Margaret Livingstone, Harvard Medical School
Focused ultrasound for treatment of psychiatric diseases

Psychiatrists lack non-invasive, safe, highly-specific, and reversible techniques to modulate brain activity in mood disorders and other diseases. We have developed a novel technique that accomplishes this in rats. The goal of this proposal is to extend this neuromodulation technique to a primate. The technique is to use focused ultrasound to permeabilize the blood- brain barrier (BBB) at a target site in the brain, and then to systemically administer a neuromodulatory substance that is active in the brain, ineffective in the periphery, and does not normally cross the BBB. Neuromodulation will therefore occur only at the sonicated site and nowhere else. Whereas neurosurgeons are currently exploring the potential for treating many neuropsychiatric disorders with deep brain stimulation, our approach can be safely tested for efficacy in psychiatric diseases without brain surgery.

Alexander Schier, Harvard Faculty of Arts and Science
Functional analysis of genes associated with bipolar disorder
The functions of the genes that have been implicated in causing bipolar disorder are largely unknown. Zebrafish are a powerful model system to determine the function of genes because gene activity can be easily manipulated and resulting changes in behavior, anatomy, and brain activity can be analyzed very efficiently. This project will mutate in zebrafish twenty genes associated with bipolar disorder and determine their functions, as well as assess how eight common drugs used to treat bipolar disorder affect the brain and behavior.

Hisashi Umemori, Boston Children’s Hospital
Excitatory and inhibitory synaptic organizers and bipolar disorder
In order for the brain to function properly, neurons must establish a balanced network of excitatory and inhibitory synapses. We have recently identified two related molecules (called Fibroblast Growth Factors, FGF22 and FGF7) that promote excitatory versus inhibitory synapse formation in the mammalian brain. We further found that mice lacking one of these molecules (FGF22) exhibit depression-like behavior, while mice deficient in the other (FGF7) show manic-like behavior. Other lines of evidence also link the signaling of FGF molecules to bipolar disorder. Here our goal is to determine how these FGFs contribute to neural circuit formation and mood disorders. Our work will reveal the molecular mechanisms underlying balanced synaptic network formation in the mammalian brain and suggest novel strategies for treating bipolar disorder.

Charles Weitz, Harvard Medical School
Is an autonomous protein oscillator embedded in the mammalian circadian clock?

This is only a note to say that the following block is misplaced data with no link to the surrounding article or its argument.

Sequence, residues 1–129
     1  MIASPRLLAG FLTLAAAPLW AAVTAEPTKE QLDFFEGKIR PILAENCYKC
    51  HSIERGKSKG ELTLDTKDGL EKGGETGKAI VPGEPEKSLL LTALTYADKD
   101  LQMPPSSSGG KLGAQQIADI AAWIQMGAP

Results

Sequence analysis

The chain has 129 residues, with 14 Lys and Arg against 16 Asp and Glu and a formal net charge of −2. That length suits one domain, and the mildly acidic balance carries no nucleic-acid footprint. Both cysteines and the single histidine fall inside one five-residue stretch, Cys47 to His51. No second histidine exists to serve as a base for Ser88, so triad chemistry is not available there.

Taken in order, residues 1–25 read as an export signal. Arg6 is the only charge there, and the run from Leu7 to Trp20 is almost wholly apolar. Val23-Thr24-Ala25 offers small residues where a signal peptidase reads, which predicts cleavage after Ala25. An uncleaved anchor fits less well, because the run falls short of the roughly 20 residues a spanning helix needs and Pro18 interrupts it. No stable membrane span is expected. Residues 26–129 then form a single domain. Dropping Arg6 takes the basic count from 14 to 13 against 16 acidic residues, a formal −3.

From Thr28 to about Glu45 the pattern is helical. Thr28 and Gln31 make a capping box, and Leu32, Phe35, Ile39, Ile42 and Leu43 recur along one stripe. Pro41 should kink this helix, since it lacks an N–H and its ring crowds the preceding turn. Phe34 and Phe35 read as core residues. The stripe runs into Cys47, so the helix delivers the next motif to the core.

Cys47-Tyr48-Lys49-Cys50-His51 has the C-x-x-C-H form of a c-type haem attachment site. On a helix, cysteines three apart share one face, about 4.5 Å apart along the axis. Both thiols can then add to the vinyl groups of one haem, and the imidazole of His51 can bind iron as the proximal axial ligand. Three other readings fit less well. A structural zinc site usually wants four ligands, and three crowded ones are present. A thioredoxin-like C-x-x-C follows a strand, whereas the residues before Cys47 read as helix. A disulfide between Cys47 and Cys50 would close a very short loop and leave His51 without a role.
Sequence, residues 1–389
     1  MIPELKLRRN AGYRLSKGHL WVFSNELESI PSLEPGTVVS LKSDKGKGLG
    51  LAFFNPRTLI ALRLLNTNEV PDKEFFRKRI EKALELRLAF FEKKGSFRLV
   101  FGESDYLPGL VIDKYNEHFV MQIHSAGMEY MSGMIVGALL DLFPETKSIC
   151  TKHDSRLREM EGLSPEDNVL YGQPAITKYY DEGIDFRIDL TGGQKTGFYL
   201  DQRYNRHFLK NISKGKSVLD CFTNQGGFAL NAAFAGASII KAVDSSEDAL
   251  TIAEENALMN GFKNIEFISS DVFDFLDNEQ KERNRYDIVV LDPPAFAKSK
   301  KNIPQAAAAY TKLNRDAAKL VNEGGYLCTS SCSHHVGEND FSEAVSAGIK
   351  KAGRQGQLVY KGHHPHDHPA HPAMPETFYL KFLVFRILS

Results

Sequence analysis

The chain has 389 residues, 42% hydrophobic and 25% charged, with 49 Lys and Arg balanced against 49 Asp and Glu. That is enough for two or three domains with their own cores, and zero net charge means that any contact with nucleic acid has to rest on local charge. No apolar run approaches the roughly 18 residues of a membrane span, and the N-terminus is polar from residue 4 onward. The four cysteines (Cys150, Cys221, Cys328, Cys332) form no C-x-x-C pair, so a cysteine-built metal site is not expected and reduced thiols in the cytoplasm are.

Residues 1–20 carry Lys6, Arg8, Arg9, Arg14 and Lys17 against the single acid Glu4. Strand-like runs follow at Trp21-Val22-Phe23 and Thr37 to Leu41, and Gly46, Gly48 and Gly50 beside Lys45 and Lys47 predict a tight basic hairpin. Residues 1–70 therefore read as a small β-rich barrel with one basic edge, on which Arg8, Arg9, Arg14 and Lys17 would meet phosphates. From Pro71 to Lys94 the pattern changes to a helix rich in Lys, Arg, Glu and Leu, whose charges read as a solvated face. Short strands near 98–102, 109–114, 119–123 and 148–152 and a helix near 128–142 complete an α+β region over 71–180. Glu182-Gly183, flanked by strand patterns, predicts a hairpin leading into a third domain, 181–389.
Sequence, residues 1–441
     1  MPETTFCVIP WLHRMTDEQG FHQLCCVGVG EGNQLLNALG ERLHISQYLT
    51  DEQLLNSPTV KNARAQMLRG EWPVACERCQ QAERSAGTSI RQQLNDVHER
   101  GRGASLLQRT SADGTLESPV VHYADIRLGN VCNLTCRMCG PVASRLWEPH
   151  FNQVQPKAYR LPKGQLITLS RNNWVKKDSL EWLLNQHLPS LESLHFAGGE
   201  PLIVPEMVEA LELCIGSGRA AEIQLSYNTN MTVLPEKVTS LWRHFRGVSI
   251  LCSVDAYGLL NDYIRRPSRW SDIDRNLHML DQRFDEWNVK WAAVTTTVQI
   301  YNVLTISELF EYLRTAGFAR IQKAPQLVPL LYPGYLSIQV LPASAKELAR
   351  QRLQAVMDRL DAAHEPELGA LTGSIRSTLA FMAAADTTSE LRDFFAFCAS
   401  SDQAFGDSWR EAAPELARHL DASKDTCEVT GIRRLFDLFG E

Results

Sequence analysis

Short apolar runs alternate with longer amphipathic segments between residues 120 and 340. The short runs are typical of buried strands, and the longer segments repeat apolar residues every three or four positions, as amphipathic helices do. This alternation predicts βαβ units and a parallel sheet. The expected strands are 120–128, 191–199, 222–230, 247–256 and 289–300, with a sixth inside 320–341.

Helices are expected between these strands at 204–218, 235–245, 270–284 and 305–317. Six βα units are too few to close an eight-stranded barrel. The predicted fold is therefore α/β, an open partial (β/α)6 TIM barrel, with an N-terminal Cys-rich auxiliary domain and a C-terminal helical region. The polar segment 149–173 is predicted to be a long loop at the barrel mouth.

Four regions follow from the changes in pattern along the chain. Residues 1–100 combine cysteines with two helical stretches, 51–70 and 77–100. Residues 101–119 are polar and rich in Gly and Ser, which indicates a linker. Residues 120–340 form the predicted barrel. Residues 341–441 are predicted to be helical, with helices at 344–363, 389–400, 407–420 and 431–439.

The goal of the project is to provide new insights into the circadian clock, the body’s daily timekeeping system. The circadian clock is responsible for our myriad daily rhythms, the most obvious of which is the sleep-wake cycle. Abnormalities of the circadian clock have been strongly linked to bipolar disorder and other mood disorders, but the nature of the relationship between the clock and mood regulation is obscure. Deeper understanding of the circadian clock could ultimately reveal the nature of this link, leading to completely new approaches to the diagnosis and treatment of bipolar disorder.

Alik Widge, Massachusetts General Hospital
Engineering brain rhythms to improve emotion regulation

A core feature of bipolar disorders is a disruption of emotion regulation. Both the depressed and the (hypo)manic phase involve difficulties regulating one’s emotional responses to everyday situations. Brain imaging work has linked this to a failure of prefrontal cortex to control neuronal firing in the amygdala, as measured by poor connectivity between these structures. The disrupted connectivity is still present even when patients are “well” on medications, suggesting that it may be one of the neurologic causes of bipolar disorder. It might also explain why patients who are at the “right” mood level still show problems with impulsivity and mild mood swings. Our laboratory is developing electrical brain stimulation technologies that we think may be able to reduce or reverse this prefrontal cortex-amygdala circuit deficit. In stroke and spinal cord rehabilitation, other investigators have found that brain regions can be “re-wired” together by recording in one and stimulating in the other with very precise timing. Our group, which blends engineers and neuroscientists, will develop software and hardware tools to do combined recording and stimulating (“closed loop”) re-wiring between prefrontal cortex and amygdala. This first year of experiments will use a rat model, with a fear-conditioning test that is known to be sensitive to this specific connection. If this succeeds, the PI is a psychiatrist who works with a variety of deep brain stimulation technologies, and we will be able to work quickly towards human translation.